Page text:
Australian regulator clears $2 billion Foxtel-Austar deal
MELBOURNE (Reuters) - Australia's largest pay-TV firm Foxtel extended its dominance on Tuesday when the competition watchdog cleared its $2 billion takeover of smaller regional rival Austar United Communications AUN.AX, nearly a year after the deal was first proposed.
The Australian Competition and Consumer Commission (ACCC) had voiced concerns the merger would destroy pay-TV competition by merging the two main providers, Austar and Foxtel, which is owned by Telstra Corp (TLS.AX), Rupert Murdoch's News Corp (NWSA.O) and James Packer's Consolidated Media Holdings CMJ.AX.
The commission said in a statement it imposed several conditions on the takeover, adding the deal would give largest shareholder Telstra greater market power in regional areas.
The conditions include that Foxtel would be prevented from buying exclusive internet TV rights for a range of television and movie content, including Nickelodeon and National Geographic channels.
"By reducing content exclusivity, the undertakings will lower barriers to entry and promote new and effective competition in metropolitan and regional telecommunications and subscription television markets," ACCC Chairman Rod Sims said in a statement.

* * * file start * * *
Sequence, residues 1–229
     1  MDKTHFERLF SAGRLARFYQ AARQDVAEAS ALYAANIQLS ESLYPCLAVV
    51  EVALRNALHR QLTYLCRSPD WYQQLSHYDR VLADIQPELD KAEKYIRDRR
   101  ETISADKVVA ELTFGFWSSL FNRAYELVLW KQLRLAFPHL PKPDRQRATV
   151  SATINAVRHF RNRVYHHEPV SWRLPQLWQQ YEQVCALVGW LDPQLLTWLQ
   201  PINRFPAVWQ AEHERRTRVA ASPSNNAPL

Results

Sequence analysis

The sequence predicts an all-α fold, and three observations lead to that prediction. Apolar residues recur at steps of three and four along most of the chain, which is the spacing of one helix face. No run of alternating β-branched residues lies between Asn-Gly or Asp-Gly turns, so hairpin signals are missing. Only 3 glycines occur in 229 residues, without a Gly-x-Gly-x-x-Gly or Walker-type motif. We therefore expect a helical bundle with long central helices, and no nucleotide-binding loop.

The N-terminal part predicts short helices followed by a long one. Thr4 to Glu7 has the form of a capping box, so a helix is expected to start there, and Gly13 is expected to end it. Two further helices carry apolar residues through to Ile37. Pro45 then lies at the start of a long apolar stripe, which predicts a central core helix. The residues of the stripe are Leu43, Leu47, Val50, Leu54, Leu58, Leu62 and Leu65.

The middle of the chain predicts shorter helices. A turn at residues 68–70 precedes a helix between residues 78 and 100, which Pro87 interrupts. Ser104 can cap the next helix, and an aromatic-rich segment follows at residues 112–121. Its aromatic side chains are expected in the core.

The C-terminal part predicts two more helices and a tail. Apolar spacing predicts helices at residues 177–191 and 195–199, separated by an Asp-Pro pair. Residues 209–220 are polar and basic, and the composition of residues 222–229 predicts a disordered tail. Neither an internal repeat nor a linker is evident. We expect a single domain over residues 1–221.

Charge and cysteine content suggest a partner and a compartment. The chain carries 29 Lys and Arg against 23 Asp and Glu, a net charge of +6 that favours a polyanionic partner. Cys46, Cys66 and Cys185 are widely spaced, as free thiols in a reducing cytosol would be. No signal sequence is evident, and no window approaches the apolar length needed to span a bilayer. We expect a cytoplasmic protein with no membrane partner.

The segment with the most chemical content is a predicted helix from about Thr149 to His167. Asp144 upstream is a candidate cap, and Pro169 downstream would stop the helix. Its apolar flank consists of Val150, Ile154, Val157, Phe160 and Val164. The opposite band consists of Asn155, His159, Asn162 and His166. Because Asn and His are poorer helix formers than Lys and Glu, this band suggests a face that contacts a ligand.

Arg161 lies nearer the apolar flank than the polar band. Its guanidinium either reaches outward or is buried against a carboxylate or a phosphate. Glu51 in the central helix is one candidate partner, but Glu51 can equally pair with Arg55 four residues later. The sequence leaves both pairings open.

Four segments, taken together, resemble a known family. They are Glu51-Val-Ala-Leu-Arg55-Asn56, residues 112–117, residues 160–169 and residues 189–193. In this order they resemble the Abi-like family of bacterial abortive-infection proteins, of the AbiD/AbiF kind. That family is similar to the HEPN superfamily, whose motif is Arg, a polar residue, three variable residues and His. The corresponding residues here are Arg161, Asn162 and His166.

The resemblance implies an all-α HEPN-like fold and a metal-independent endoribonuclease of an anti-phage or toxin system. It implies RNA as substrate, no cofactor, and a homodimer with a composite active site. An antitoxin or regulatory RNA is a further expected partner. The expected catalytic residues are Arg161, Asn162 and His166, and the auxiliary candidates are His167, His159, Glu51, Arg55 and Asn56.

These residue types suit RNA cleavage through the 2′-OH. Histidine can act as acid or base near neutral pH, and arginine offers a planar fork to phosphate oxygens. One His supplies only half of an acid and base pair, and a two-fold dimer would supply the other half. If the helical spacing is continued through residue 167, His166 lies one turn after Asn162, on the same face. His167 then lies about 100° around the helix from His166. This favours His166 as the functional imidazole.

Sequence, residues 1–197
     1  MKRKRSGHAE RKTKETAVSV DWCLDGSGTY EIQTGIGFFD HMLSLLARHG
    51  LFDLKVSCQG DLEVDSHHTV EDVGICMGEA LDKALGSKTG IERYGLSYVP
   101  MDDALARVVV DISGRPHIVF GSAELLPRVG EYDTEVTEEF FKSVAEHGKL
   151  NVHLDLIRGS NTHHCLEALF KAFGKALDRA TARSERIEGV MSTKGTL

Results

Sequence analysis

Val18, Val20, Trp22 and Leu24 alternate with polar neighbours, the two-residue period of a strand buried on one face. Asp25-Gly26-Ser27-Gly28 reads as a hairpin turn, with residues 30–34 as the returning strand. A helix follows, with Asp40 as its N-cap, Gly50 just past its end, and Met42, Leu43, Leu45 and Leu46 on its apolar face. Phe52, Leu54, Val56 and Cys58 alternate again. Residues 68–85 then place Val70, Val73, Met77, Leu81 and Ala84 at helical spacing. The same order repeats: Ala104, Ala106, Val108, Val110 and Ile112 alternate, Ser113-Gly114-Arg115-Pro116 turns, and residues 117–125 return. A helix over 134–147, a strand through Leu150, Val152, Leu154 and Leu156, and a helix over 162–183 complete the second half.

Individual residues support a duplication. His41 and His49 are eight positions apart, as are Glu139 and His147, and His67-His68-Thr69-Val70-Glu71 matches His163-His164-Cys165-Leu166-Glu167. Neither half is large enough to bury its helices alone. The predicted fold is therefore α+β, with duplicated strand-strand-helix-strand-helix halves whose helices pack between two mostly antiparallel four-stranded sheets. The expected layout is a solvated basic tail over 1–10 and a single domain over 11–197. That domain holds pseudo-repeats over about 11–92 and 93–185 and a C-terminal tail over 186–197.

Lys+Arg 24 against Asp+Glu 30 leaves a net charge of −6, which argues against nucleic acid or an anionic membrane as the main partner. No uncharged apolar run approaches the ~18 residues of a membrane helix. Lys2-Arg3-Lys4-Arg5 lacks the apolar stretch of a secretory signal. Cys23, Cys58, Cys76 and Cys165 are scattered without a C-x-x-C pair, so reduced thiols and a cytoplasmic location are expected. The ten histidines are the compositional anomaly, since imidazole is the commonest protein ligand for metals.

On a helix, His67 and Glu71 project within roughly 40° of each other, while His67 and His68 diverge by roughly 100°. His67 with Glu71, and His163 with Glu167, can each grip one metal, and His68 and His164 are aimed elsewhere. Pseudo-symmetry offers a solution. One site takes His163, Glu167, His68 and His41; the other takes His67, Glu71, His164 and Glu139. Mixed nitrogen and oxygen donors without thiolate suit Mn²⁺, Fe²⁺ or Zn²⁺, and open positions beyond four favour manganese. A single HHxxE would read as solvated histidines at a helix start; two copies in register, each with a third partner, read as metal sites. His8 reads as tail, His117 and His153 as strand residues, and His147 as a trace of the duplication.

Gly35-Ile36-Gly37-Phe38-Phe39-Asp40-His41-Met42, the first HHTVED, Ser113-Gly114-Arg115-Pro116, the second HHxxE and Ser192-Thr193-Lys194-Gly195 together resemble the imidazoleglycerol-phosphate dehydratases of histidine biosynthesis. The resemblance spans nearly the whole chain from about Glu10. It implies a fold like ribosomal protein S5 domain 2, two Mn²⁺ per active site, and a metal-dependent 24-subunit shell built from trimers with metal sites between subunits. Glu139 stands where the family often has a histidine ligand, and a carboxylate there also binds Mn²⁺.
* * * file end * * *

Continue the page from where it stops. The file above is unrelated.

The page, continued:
The conditions also prevent Foxtel from acquiring exclusive mobile rights to specified content where competitors also want to deliver the programming across mobile devices.
Foxtel had promised not to enter into any exclusive content agreements to buy internet TV rights, leaving the door open to more competition through online TV. [ID:nL4E8E67NQ]
Investors have been expecting the deal to win clearance, with Austar shares last trading at A$1.48, just below the A$1.52 per share offer price made in May last year. The watchdog issued its first comments on the deal last July.
Austar shareholders voted overwhelmingly last month to approve the deal and the ACCC nod was the last major hurdle for the deal.
The final step will be a Federal Court hearing scheduled for Friday.
(Reporting by Victoria Thieberger; Editing by John Mair and Paul Tait)
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